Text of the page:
I read an English grammar article in which the author talked about the correct use of pronouns.

He writes:

If the extended sentence is “She’s more likely to ask him than I am,” in which the comparison is between the subject and the writer, I is correct. However, if the intent is to convey that the man referred to as him is more likely to be asked something by the subject than the writer is, the correct pronoun form is me, but that distinction should be clarified with a revision like “She’s more likely to ask him than ask me.”

Before reading this piece, I thought that the two sentences had the same meaning. While the second example is quite clear for me (“She’s more likely to ask him than ask me”), I don't think that I have correctly understood the first one. Could anyone explain it to me, please?


3 Answers 3


This is a good example of why these sorts of pronoun choices are tricky.

It is also a good demonstration of why they are important, because in this case both constructions are grammatical and each refers to a different, but equally valid scenario.

Let's look at the first:

She’s more likely to ask him than I (am).

In order to focus on the choice at hand without the confusing presence of other pronouns, let's say:

Gia’s more likely to ask Jim than I.

This means it's more likely that Gia will ask Jim something than it is that I will ask Jim something. Both Gia and I can be thought of as subjects in this case (we're doing all the asking).

Then we have the second case:

She’s more likely to ask him than (ask) me.


Gia’s more likely to ask Jim than me.

This (as you know) means that, given the choice between Jim and myself, Gia is more likely to ask Jim something than she is to ask me something.

The key distinction between the two is that choosing “I” as the self-reference in the sentence groups the speaker with the people taking the action of asking, and choosing “me” groups the speaker with the people who are hypothetical targets of a question.

Implicit in the author’s note that the “distinction should be clarified with a revision” is the fact that this is something that many native speakers mess up all the time, choosing between subject/object pronouns in a casual way and relying on context to convey their meaning.

On a personal note, this is an aspect of English that my non-native-speaking friends and relatives have caught me doing wrong and corrected me on. Chances are, if you learn this well, you will outperform the average native speaker in selecting the appropriate pronoun.

  • 1
    Further reading: arnoldzwicky.org/2012/01/23/dinosaur-grammar
    – user230
    Oct 7, 2013 at 17:48
  • Thank you Tyler. I think I've understood it now. However, let me write down a couple of sentences which will make sure that I finally got all this matter straight, even if these sentences might sound ungrammatical and awkward to you. Without considering the "possibilities" (likely), just in order to focus on WHO we are talking about, for the first sentence "Gia’s more likely to ask Jim than I" could I re-write it as: "Probably, Gia will ask Jim, because I won't ask that to Jim". The second one could be "Probably, Gia will ask that to Jim, because she doesn't want to talk to me today"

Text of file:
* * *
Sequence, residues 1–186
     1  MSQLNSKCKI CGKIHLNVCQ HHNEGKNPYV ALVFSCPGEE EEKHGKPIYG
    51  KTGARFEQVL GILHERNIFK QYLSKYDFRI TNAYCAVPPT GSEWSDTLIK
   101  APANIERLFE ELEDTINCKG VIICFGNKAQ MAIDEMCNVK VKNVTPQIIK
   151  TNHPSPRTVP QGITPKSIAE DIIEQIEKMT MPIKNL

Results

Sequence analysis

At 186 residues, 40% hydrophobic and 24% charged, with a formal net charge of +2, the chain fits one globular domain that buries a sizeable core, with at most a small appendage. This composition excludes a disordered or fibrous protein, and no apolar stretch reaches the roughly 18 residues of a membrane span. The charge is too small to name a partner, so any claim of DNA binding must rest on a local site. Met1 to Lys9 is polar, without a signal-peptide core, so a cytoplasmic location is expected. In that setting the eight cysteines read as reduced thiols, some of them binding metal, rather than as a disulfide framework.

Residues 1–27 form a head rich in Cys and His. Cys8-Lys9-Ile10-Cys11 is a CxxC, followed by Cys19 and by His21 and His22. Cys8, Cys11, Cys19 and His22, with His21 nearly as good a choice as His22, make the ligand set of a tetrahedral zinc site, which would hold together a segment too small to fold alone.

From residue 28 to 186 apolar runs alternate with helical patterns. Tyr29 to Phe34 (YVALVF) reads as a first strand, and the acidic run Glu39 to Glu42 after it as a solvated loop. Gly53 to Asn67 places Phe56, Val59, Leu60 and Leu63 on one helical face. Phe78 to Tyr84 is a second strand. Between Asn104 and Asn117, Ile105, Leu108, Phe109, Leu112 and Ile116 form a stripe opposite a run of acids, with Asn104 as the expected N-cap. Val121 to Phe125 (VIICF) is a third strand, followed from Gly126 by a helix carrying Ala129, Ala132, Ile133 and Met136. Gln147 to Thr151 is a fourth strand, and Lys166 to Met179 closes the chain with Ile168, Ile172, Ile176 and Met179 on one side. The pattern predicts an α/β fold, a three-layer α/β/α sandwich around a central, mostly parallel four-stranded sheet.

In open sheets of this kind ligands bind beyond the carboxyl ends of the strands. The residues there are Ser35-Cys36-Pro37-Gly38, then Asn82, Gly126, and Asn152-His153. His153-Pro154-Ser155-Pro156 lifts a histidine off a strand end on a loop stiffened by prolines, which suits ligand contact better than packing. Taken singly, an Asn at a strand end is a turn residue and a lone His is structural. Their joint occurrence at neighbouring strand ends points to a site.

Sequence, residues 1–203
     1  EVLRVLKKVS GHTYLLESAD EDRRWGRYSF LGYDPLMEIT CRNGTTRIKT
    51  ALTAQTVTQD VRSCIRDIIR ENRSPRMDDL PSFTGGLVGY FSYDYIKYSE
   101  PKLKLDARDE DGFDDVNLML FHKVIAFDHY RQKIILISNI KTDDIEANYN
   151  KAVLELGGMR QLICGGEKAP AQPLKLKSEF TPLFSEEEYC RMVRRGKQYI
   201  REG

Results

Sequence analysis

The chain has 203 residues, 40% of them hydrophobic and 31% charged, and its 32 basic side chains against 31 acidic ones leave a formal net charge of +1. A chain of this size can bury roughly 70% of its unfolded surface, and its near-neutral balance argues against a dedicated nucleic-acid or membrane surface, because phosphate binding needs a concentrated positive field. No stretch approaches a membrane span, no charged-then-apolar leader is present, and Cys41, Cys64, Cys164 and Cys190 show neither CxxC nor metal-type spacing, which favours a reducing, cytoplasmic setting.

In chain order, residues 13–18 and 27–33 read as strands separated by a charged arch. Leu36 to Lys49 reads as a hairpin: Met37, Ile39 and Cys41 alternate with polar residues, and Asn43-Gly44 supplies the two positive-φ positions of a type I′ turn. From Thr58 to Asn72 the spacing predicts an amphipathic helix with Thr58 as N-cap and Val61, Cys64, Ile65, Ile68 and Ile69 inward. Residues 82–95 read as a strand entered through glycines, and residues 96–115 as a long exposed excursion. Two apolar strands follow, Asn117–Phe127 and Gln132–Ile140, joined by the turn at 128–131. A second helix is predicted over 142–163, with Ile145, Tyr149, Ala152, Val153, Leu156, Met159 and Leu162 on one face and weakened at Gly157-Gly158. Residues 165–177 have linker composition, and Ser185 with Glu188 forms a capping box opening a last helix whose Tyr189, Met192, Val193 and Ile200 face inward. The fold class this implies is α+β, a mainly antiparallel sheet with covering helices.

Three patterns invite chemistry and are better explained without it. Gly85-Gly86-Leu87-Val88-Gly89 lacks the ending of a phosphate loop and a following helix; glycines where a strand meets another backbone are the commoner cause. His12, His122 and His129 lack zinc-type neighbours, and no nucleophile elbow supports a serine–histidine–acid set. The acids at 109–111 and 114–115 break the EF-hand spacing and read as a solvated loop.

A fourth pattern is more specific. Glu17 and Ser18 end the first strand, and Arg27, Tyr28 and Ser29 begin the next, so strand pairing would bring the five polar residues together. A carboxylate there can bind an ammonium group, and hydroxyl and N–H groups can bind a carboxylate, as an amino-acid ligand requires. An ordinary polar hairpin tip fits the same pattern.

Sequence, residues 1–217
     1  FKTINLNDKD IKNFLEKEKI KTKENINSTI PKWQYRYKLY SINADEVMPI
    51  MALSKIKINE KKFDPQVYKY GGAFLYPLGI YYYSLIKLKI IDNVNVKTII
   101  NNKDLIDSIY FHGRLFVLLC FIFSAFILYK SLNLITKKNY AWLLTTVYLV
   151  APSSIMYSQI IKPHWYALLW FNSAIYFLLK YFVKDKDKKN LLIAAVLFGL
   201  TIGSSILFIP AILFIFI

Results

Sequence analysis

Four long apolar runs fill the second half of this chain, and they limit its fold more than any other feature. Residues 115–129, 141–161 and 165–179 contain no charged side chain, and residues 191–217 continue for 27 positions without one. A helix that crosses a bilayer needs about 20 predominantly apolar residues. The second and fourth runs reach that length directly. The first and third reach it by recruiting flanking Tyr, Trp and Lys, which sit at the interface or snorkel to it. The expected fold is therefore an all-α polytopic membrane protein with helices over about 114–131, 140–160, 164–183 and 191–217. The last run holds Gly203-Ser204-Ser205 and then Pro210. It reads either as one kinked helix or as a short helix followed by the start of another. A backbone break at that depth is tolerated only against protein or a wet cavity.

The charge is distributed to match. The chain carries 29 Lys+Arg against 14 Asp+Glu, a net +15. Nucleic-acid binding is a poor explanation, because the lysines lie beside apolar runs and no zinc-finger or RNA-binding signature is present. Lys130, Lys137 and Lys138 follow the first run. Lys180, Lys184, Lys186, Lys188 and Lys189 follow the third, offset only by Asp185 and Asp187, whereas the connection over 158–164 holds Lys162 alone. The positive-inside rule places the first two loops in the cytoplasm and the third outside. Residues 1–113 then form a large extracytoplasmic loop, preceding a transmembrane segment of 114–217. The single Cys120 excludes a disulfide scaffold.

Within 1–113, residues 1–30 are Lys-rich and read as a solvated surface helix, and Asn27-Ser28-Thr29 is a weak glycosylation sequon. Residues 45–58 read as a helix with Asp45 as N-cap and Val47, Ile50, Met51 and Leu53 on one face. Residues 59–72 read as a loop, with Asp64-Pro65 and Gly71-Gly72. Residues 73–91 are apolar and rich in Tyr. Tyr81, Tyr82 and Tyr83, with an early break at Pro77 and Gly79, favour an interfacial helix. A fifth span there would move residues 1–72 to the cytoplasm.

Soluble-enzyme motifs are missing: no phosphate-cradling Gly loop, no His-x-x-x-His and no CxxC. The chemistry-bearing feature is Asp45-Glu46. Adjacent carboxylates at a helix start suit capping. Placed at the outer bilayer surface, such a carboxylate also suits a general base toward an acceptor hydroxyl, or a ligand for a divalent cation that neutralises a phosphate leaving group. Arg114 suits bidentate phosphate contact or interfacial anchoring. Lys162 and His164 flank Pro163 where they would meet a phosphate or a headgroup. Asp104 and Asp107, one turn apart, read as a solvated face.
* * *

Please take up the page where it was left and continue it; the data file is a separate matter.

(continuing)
– jeysmith
    Oct 7, 2013 at 19:45
  • 1
    @jeysmith: You've got it! If you didn't already, notice how your rephrasings have made use of the same choice of pronoun in each case. That can be useful! Something I do when I'm not sure is rephrase a sentence a little in my head (keeping all parties in the same relation to the action and to one another) and see if it still makes sense with the pronoun I've chosen. Oct 7, 2013 at 19:57
  • Great! Thank you again Tyler! I agree with you. I have always believed that rephrasing a sentence is a helpful way to make sure to get the right meaning of it. You can get more 'feedbacks' from a mother tongue this way.
    – jeysmith
    Oct 7, 2013 at 20:10
  • This answer does an excellent job of presenting one side of a very long-running debate. For both sides, see this answer.
    – Ben Kovitz
    Dec 28, 2014 at 21:44

"I" is a subject, "me" is an object. In other words, use "I" when you are causing some action and use "me" when something is being done to you.

For example: "I (subject) am going to the store (object). Would you (subject) like to come with me (object)?"

The excerpt you provided is a really good example of why this distinction is so important. If they were interchangeable the sentence would be ambiguous--am I less likely to be asked, or less likely to do the asking?

To see what is going on more clearly, let's identify the main subject and object:

She's (subject) more likely to ask him (object) than ___

Filling in the blank with "I" (subject) creates a comparison with the existing subject "she" indicating that we are less likely to do the asking.

Filling in the blank with "me" (object) creates a comparison with the existing object "him" indicating that we are less likely to be asked.


The easiest way is to split it into 2 sentences and see if they can stand independently.

Case 1

She is more likely to ask him.

She is more likely to ask me.

She is more likely to ask I.

So in this case 1 and 2 will hold good. The right formation is she is more likely to ask him than me

Case 2

He is taller.

Me is taller.

I am taller.

Here 1 and 3 hold good. So the formation He is taller than I am is correct

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